Trimmed down Freeman growing as a quarterback
He has lost 20 pounds, dramatically altering his physical appearance, and has shorter hair. But Josh Freeman believes he has grown as a quarterback.
Along with his shrinking waistline, the 6-foot-6, 237-pound Freeman needs to reduce his number of interceptions and says he already has benefitted from a new head coach, offensive coordinator and supporting cast of players.
A year after throwing 25 touchdowns and only six interceptions, Freeman was intercepted 22 times and recorded 16 TD passes last season. The result was a 4-12 record, including 10-straight losses, and a hit to his reputation as one of the league's rising young quarterbacks.
"Last season, a lot of trhings didn't go our way,'' Freeman said. "Me personally, a lot of things didn't go my way. But in that, there's a lot to learn from the standpoint of trying to step out of the system, trying to make too many plays, trying to do things when in actuality, as a quarterback, the offense is going to get you there. You just have to man the ship.''
Shortly after the 2011 season ended, between the firing of coach Raheem Morris and the hiring of Greg Schiano, Freeman said he decided to rededicate himself to his craft. The first step was getting into the best physical condition on his life. In addition to cutting out the late-night runs to Taco Bell, Freeman hooked up with Grant Gregory, the former Kansas St. and Tampa Bay Storm quarterback who worked as a trainer in Harbour Island.
Gregory, who is desribed by Freeman as a guy who is always carrying Tupperware 'with vegetables, chicken, all that stuff,' taught Freeman how to eat properly. That combined with the workout regimen put in place by Bucs strength and conditioning coach Jay Butler enabled Freeman to go from 257 pounds tO 237 pounds.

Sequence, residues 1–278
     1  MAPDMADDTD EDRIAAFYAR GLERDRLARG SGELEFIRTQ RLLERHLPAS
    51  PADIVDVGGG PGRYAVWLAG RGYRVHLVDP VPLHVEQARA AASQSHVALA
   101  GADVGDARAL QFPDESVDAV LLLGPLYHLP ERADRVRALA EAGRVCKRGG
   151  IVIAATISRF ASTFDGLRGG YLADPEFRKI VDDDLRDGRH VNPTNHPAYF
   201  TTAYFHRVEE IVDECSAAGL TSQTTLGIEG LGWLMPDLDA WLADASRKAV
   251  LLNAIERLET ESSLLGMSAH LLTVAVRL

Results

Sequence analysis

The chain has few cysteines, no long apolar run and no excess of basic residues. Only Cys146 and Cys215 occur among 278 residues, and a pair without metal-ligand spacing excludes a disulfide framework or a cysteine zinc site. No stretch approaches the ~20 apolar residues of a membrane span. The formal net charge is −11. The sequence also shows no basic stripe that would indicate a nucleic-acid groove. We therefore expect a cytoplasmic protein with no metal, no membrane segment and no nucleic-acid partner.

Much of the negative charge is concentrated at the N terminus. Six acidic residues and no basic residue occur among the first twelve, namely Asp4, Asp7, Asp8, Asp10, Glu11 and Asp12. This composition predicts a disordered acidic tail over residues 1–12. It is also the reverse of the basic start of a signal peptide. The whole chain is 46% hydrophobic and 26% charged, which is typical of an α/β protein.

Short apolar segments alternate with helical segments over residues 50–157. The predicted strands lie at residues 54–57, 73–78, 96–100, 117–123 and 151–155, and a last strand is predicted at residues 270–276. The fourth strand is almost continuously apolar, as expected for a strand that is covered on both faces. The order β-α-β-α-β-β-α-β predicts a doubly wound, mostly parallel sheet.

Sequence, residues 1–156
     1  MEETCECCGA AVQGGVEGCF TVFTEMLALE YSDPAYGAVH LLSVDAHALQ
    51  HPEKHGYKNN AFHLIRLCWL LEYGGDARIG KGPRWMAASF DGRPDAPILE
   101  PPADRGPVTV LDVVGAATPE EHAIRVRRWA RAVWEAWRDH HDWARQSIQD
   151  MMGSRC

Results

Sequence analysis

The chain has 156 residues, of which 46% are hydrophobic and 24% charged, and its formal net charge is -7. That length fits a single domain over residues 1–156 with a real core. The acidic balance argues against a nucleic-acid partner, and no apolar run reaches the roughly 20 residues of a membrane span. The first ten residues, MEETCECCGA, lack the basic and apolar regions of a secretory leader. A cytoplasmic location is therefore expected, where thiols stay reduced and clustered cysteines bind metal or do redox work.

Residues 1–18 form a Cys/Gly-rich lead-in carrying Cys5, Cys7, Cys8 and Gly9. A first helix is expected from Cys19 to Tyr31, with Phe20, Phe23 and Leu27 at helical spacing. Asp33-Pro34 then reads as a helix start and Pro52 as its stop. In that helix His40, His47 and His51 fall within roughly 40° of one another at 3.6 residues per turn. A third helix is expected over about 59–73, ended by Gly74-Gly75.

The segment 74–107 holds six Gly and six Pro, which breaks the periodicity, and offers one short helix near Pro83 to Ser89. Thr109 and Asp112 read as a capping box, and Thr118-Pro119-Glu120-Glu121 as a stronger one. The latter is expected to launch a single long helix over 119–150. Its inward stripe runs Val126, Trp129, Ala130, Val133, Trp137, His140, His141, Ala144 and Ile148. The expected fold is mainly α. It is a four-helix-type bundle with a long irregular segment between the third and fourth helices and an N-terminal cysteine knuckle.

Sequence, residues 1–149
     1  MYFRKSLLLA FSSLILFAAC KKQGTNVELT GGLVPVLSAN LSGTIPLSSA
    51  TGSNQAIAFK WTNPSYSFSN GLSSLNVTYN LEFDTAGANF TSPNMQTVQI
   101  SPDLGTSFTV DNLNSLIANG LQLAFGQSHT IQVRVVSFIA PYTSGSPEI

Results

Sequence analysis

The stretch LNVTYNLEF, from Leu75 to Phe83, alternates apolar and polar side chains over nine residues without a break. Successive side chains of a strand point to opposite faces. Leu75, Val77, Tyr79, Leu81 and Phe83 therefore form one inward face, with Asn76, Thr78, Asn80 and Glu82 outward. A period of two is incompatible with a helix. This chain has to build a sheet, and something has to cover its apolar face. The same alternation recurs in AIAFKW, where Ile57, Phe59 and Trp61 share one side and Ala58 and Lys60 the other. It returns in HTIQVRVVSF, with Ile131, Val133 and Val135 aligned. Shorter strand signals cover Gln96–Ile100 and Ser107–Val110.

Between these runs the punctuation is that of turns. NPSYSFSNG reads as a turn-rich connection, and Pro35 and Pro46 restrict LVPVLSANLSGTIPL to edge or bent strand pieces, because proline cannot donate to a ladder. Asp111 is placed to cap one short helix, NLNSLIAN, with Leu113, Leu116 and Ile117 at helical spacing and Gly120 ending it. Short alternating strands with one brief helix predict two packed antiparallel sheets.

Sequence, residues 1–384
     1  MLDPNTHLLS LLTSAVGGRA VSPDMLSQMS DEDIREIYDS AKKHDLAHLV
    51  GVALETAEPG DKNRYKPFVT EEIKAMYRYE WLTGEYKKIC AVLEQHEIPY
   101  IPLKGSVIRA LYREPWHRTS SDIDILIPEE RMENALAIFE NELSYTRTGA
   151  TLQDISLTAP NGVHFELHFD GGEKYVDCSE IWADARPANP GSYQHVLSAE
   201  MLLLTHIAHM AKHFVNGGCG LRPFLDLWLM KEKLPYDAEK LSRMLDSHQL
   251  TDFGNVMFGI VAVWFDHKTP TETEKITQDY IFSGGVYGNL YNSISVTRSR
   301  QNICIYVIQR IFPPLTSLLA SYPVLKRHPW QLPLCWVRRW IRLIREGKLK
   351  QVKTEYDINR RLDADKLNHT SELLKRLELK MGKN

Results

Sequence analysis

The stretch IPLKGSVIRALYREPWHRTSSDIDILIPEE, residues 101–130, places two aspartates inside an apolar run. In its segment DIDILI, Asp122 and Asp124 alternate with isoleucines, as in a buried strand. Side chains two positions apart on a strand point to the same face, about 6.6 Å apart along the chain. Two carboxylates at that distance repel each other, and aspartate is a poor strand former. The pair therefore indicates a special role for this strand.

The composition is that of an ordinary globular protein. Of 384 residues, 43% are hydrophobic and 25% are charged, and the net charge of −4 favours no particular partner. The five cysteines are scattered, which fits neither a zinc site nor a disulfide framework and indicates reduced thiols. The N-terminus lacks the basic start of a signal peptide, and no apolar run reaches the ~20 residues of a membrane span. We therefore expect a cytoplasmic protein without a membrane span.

"You know, it was a number of lifestyle changes,'' Freeman said. "It's interesting, because after the season last year, the time in between coaches, I had a good discussion with Greg Olson and we talked about a number of things, one of which was trying to be at your best, trying to be a pro at everything, not just football, but in your life, lifestyle habits. Just go about life and strive for excellence in everything. That's one area I never really, being young, you could eat whatever you wanted and do whatever. But it was something, yeah, I wanted to take the steps and be excellent with my diet, with exercise, with working out year 'round. That's about it, with a few simple changes, working out, playing a little soccer. It's good.
"Everybody is like, "Oh, did you get faster? Did you lose a little strength? No, really, I can't say I got noticeably faster. I can't say I got noticeably stronger or weaker. But I feel good. Flexibility, throwing the ball. I feel physically great.''
On the field, the Bucs filled a grocery list of needs on offense for Freeman, starting with the signing of Chargers free agent receiver Vincent Jackson, Saints guard Carl Nicks and selecting Boise St. running back Doug Martin in the first round of the draft to add to the Bucs' returning weapons.
"Each year, you constantly learn and grow,'' Freeman said. "Going into my fourth year, I feel like I've made improvements every year and that's what I've got to keep doing this year, finding ways whether it be in practice, in preparation, in footwork, throwing the ball -- constantly trying to improve.''